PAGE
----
She said there was no additional paperwork to fill out and she and Cameron were given helmets. A spokesman who identified himself as Nelson at CubaCar confirmed to the Toronto Sun it is legal for children to ride on such scooters, provided they wear helmets.

Davis claims Cuban police said she attempted to avoid potholes in the road, right before hitting the truck, which she disagrees with. Davis said she and her son were thrown about nine metres and the child’s helmet came off.

Davis, who was still conscious, crawled to Cameron’s body before they were separated by paramedics.

The little boy died at the scene, but it wasn’t until the next day that Davis was informed about her son’s death.

“He was very happy,” Davis, her voice quivering, said of her son. “He went to a daycare. He really liked gymnastics and going to the park. He really liked to dance and perform on stage. He was just happy.”

Despite repeated phone calls to police stations in Cayo Largo and nearby jurisdictions Tuesday, the Toronto Sun was unable to find anyone to speak on behalf of Cuban authorities.

One officer who answered the phone indicated media needed to contact the local tourism board and then changed his mind to say, “only the detective who is working on the case can give out information.”

When reached, the Havana police department would not put the Sun in contact with Lt.-Col. Rogeleo, the lead investigator in this case. Davis said she requested a copy of the police report, but was told it would take up to three months.

The Canadian Embassy in Cuba referred media to Foreign Affairs Canada, which said government officials are trying to push for the case to be expedited.

“Our thoughts are with the family of the Canadian Citizen who passed away in Cuba,” Foreign Affairs spokesman John Babcock said in an e-mailed statement.

“Canadian consular officials in Havana, Cuba, are providing consular assistance to the family and are in contact with local authorities on the matter.”

A source said Davis is under investigation to determine if she played a role in the crash.

Davis said she doesn’t believe she has done anything wrong.

“They’ve had all the information they’ve had for a long time ... How much longer do I need to wait?” she said.

According to the Foreign Affairs Canada website, traffic accidents are a frequent cause of arrest and detention of Canadians in Cuba.

“Accidents resulting in death or injury are treated as crimes, and the onus is on the driver to prove innocence,” the website read. “Regardless of the nature of the accident, it can take five months to a year for a case to go to trial. In most cases, the driver will not be allowed to leave Cuba until the trial has taken place.”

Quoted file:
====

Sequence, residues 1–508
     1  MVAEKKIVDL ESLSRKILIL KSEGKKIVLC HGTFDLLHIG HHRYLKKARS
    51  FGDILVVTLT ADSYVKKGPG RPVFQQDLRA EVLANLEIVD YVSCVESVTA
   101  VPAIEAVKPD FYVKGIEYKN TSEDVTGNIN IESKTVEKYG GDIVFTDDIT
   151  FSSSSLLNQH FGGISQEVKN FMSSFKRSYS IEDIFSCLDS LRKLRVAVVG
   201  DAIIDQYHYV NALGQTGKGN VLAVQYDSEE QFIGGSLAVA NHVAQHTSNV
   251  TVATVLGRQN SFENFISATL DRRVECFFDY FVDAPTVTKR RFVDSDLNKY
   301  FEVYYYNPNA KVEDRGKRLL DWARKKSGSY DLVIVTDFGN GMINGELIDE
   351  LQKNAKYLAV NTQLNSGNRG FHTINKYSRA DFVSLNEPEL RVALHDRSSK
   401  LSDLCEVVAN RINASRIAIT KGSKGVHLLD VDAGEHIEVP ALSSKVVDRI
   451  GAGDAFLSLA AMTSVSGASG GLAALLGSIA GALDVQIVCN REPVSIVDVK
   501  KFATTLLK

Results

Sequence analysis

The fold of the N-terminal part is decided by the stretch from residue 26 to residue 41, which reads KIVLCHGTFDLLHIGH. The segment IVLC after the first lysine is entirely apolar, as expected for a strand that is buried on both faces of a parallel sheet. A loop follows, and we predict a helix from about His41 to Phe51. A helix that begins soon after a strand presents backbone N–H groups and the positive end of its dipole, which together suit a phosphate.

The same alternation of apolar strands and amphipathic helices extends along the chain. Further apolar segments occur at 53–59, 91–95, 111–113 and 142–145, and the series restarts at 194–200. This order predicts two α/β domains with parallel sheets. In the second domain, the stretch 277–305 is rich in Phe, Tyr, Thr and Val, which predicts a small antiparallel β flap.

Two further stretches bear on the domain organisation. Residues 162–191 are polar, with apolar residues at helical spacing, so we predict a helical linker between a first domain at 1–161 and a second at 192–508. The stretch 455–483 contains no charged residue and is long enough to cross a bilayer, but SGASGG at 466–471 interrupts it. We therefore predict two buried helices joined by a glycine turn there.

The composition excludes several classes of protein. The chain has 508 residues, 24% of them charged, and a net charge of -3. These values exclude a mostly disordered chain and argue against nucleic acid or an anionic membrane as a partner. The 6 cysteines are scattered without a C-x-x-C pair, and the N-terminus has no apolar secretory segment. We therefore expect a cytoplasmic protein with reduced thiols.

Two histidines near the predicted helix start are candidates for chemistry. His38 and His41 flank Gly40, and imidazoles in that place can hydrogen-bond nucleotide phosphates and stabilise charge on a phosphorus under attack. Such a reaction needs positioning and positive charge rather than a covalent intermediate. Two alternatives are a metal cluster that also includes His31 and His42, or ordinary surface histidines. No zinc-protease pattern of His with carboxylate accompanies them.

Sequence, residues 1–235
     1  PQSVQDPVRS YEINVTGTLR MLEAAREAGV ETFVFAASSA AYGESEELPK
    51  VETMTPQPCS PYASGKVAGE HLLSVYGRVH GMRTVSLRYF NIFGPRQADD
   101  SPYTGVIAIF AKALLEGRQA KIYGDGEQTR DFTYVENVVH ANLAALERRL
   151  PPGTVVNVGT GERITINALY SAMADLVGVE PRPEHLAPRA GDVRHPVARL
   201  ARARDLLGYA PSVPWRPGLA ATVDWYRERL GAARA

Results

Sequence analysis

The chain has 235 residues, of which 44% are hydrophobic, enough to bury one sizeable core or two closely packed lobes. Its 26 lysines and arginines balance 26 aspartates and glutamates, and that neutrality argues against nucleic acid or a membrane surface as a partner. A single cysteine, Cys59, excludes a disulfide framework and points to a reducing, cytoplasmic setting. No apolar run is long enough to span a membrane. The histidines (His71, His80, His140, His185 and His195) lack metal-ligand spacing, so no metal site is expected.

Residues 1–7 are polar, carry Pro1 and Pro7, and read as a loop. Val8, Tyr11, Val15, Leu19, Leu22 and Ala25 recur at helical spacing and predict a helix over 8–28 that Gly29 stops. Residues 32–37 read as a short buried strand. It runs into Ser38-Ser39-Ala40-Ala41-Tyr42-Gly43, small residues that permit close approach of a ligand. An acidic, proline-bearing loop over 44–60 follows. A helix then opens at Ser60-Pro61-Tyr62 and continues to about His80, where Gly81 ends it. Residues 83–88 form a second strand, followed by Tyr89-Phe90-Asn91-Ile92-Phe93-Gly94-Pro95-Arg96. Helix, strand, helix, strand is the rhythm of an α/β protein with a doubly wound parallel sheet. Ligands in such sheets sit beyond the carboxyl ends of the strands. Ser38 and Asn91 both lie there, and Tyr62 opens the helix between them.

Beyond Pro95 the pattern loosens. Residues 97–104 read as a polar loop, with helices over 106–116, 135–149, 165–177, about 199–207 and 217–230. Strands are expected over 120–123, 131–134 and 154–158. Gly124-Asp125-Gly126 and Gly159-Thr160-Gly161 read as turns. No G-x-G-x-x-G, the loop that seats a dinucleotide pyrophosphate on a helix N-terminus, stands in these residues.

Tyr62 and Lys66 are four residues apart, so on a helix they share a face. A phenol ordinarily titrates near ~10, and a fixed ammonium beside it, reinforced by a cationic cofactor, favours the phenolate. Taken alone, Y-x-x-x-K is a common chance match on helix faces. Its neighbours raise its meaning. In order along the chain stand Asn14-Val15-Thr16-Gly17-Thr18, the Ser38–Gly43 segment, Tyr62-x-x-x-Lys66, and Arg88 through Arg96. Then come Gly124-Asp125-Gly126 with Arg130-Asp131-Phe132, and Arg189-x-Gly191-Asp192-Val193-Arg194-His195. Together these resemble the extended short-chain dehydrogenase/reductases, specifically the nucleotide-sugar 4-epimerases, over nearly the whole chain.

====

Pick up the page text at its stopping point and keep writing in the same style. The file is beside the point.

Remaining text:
Cameron’s father, Michael Sifontes, 31, said while frustrated by the lack of information coming out of Cuba, he’s not surprised.

“People need to know not to drive in Cuba,” he said. “They have a false sense of security because we bring so much tourism, that we’re protected there. We’ve heard stories of people getting into fender benders and Cubans hold on to them. They’re really holding on to her because they don’t want to be accountable for what happened. They don’t want their tourism to be affected.”

Davis brought Cameron to the resort because she wanted some family time after her father passed away in November. During the six weeks in hospital, Davis said she underwent five surgeries for broken bones, contusions and a large gash on her left thigh.

Hospital staff will release Davis in the next week or so, but she will have to find a place to live in Cuba while waiting for permission to leave.

The toddler’s body was released Jan. 14 from Cuba and arrived back to Canada on Jan. 18, but only after Davis said she paid $9,500 for embalming and transportation services. Davis said the funeral had to happen this week because embalming standards in Cuba were subpar compared to those in Canada.

A director at Ward Funeral Home at 2035 Weston Rd. confirmed the boy’s funeral is scheduled for 10:30 a.m. Saturday.

In the meantime, family and friends are donating to a foundation set up in aid of Cameron, which will help offset costs of the boy’s funeral.

Toronto immigration lawyer Guidy Mamann said this is “by no means” a typical situation.

“The Canadian government has been criticized for being particularly unhelpful to Canadians in distress,” he said. “The Canadian Embassy should be pounding on the prosecutor’s office and saying, ‘Either charge this woman or let her get to her kid’s funeral.’ You can’t keep her waiting. It’s inhumane.”

_________________
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dovete pensare il bene del populo cubano.."


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Re: Incidente a Cayo Largo,donna canadese alquila una motorina,choquea contra un camion,perde il figlioletto e ahora no puede lasciar el Cire Garcia e kuba in attesa del juicio

Messaggio Da mosquito il Gio 6 Feb 2014 - 3:19

Shocked 
da non credere..una robba proprio kubana... No